Hedy Tung, Contributing Photographer

Data compiled by the News indicates a gradual increase in New Haven voter registration rates since the turn of the century.

The Elm City has had a consistent Democratic plurality among registered voters since the 2000s. During the 2018 midterm elections, slightly more than 40 percent of the city’s residents were registered as Democrats, while about 2.66 percent registered as Republicans.

In 2000, about 54 percent of the city registered to vote in the general election. This increased to about 64.35 percent by 2016, before dropping during the 2018 midterm elections to 58.83 percent. The decrease in 2018 is a common trend midterm election registration tends to be lower than presidential election registration.

While voter registration rates have been mostly increasing since 2000, Republican registration rates had been at a steady decline until the 2016 election, when they shot up. Democratic registration has also been increasing since 2000.

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Visualization by Darwin Do, Data Editor

Democrat Sergio Rodriguez, a former alder and registrar of voters hopeful, said he believes that voter registration increases as more candidates run in elections. He also noted that this year’s presidential race has encouraged many people to vote.

“The presidential race is a very significant and important race,” Rodriguez told the News. “There’s a lot of folks who are trying to get out and vote, which is a good thing.”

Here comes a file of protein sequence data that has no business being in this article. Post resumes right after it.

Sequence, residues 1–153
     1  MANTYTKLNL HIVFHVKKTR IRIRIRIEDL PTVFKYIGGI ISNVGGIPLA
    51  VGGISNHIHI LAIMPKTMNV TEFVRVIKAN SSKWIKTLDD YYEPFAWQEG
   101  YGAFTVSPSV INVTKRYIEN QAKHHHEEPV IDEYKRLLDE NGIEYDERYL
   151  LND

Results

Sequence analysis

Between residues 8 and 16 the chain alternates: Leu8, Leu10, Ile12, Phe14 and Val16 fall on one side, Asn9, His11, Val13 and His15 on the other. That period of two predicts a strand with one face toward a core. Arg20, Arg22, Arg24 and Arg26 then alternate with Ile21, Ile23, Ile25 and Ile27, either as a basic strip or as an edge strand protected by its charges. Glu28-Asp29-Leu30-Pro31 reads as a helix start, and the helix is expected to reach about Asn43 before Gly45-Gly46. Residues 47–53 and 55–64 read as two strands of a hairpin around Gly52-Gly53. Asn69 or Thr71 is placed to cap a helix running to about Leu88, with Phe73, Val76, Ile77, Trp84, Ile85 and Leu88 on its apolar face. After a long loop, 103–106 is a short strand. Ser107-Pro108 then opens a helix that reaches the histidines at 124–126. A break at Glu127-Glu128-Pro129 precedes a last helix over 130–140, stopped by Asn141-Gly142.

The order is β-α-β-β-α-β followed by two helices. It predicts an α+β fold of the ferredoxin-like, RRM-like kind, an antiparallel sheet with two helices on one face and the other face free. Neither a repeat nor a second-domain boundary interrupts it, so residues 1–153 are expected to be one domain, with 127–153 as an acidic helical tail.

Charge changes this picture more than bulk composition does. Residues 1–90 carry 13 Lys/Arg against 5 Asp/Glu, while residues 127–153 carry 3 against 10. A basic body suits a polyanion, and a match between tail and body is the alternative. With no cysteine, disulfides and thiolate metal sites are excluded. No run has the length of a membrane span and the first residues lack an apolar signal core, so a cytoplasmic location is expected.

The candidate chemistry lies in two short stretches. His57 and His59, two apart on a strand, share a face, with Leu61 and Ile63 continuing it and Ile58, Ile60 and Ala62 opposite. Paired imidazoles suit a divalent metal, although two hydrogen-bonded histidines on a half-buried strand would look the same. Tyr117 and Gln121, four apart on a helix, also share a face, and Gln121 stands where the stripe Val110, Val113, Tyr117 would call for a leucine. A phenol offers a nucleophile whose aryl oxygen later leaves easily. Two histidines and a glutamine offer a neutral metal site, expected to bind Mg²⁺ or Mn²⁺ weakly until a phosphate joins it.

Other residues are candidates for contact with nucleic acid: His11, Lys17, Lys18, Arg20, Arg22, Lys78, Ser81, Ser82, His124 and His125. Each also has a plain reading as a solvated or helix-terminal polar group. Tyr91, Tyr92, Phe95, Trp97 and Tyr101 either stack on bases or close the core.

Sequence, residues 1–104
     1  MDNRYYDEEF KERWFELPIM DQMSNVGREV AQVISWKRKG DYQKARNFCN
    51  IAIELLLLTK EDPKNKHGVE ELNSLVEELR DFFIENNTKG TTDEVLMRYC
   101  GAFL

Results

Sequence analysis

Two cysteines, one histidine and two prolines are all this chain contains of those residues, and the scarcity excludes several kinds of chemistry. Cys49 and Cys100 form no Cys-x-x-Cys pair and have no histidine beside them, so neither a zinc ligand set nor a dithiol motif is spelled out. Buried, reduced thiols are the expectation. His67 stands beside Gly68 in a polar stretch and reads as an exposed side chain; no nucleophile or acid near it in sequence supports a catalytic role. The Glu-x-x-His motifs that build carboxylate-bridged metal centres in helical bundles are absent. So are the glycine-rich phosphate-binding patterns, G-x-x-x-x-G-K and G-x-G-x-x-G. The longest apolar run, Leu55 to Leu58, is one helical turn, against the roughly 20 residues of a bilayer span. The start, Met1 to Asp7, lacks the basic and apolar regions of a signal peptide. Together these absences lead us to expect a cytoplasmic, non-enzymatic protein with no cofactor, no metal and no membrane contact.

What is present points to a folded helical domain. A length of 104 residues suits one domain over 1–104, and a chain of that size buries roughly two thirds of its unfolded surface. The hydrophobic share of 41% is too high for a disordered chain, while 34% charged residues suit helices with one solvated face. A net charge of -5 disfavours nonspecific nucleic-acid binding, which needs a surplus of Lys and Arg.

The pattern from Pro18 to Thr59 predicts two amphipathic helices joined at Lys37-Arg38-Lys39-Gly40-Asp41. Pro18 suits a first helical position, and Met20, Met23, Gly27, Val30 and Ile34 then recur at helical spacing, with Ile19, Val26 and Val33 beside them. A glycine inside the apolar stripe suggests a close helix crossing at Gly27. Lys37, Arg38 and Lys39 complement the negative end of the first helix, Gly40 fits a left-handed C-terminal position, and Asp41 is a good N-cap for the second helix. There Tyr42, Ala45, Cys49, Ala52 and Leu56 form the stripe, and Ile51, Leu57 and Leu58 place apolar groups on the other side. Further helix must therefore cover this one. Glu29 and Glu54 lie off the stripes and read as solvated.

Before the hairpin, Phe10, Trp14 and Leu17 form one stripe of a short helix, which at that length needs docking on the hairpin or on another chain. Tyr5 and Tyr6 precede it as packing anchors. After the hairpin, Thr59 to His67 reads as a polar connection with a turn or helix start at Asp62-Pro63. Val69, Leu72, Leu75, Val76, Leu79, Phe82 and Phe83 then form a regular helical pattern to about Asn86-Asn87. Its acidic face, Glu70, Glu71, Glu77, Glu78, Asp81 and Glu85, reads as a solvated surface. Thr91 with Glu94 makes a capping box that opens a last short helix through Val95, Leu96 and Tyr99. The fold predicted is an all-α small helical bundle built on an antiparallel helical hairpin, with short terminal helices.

Yale student groups such as Yale Votes and Every Vote Counts have been working in recent years to increase voter turnout among New Haven residents and students. As thousands of students flock to Yale’s campus every semester, resources for students to vote in New Haven have grown over the years.

Raymond Lucarelli ’23, a member of Yale Votes, told the News that the group reached out to Yalies all over the United States this year to engage voters across the country.

“We canvassed neighborhoods at the beginning of the semester, physically registering people to vote, accumulating polling information … for each of the 30 wards and sent graphics to alders [and] DTC co-chairs to hand out to constituents,” Grace Whittington ’22, a member of the Yale College Democrats, told the News.

Yale student participation in elections has grown greatly in recent years. Yale’s voter participation rate went from being 3.1 percent lower than the average across U.S. academic institutions in 2014 to being 7.7 percent above the average in 2018.

The number of Yale students registered to vote increased by 4.2 percent in that same time frame.


Data analysis and visualization by Darwin Do. Contact him at darwin.do@yale.edu.

Ángela Pérez | angela.perez@yale.edu